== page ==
B. Probable Cause for Search

Next, Mr. Jones alleges that his conviction was predicated on evidence obtained during an unlawful search. However, Mr. Jones procedurally defaulted this claim by not raising it in sentencing or on direct appeal. He now attempts to raise it under a theory of ineffective assistance of counsel. Mr. Jones' counsel did not file a motion to suppress the gun found in the car search. There were good reasons for this. The motion would have been inconsistent with Mr. Jones' position that the gun did not belong to him. Further, the evidence supporting the search from the officers was ample and compelling. As such, Mr. Jones has not established that his counsel was ineffective for failing to file a motion. Perhaps more to the point, he has not established that filing a motion would have made any difference to the outcome of the proceedings. See id., 466 U.S. at 687-94. Even accepting Mr. Jones' request to evaluate this issue under an ineffective assistance of counsel analysis, this ground fails to meet the Strickland standard.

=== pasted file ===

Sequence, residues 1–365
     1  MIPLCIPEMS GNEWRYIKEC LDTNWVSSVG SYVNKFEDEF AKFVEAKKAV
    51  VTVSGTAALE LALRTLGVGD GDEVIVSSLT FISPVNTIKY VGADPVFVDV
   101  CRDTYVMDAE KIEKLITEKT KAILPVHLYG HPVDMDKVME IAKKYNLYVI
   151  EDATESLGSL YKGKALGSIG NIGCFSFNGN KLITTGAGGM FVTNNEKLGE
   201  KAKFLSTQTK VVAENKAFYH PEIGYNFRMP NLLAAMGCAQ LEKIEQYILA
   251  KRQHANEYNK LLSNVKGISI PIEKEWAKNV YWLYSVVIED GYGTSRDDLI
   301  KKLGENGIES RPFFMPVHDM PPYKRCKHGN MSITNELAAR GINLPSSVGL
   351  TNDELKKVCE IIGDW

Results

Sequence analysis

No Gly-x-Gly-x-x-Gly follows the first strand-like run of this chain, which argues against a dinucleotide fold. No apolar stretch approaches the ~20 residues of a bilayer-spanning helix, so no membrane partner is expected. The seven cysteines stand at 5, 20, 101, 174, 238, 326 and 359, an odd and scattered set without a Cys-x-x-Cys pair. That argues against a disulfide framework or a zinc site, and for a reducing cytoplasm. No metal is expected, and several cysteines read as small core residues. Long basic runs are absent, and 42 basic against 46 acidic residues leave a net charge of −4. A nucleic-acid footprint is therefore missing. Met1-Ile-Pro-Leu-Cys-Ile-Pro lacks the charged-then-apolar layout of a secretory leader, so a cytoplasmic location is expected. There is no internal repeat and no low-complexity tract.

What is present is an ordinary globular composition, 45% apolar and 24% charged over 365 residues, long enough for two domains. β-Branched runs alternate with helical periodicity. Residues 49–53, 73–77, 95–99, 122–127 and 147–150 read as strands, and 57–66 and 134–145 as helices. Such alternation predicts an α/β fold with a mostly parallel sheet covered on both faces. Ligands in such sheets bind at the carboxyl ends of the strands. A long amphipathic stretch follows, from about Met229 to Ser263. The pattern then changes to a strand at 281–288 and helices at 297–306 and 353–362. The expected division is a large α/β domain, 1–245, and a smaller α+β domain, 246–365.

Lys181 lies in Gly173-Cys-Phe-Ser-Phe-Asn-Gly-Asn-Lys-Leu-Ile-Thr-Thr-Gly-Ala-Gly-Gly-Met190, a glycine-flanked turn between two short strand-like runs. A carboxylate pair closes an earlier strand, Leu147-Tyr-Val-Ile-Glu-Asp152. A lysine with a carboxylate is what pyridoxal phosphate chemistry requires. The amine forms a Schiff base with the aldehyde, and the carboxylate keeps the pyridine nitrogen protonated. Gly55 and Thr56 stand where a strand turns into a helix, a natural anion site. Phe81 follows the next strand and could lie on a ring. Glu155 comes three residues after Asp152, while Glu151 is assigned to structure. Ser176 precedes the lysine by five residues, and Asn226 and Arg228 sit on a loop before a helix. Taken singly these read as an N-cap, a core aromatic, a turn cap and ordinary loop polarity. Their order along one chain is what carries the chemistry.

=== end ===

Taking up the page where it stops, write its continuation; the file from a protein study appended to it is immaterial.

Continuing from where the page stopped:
C. Inconsistent Trial Testimony

Mr. Jones' third ground for relief is the alleged "inconsistent" trial testimony of Deputy Lee. No objection was made to the testimony at trial. Rather, defense counsel cross-examined the deputy and made arguments about the testimony in closing argument. Mr. Jones makes no argument for why an objection was not made. Moreover, no prejudice resulted from the testimony. The standard of United States v. Frady, 456 U.S. 152, 167 (1982), has not been met.

D. Disclosure that Mr. Jones Was in Custody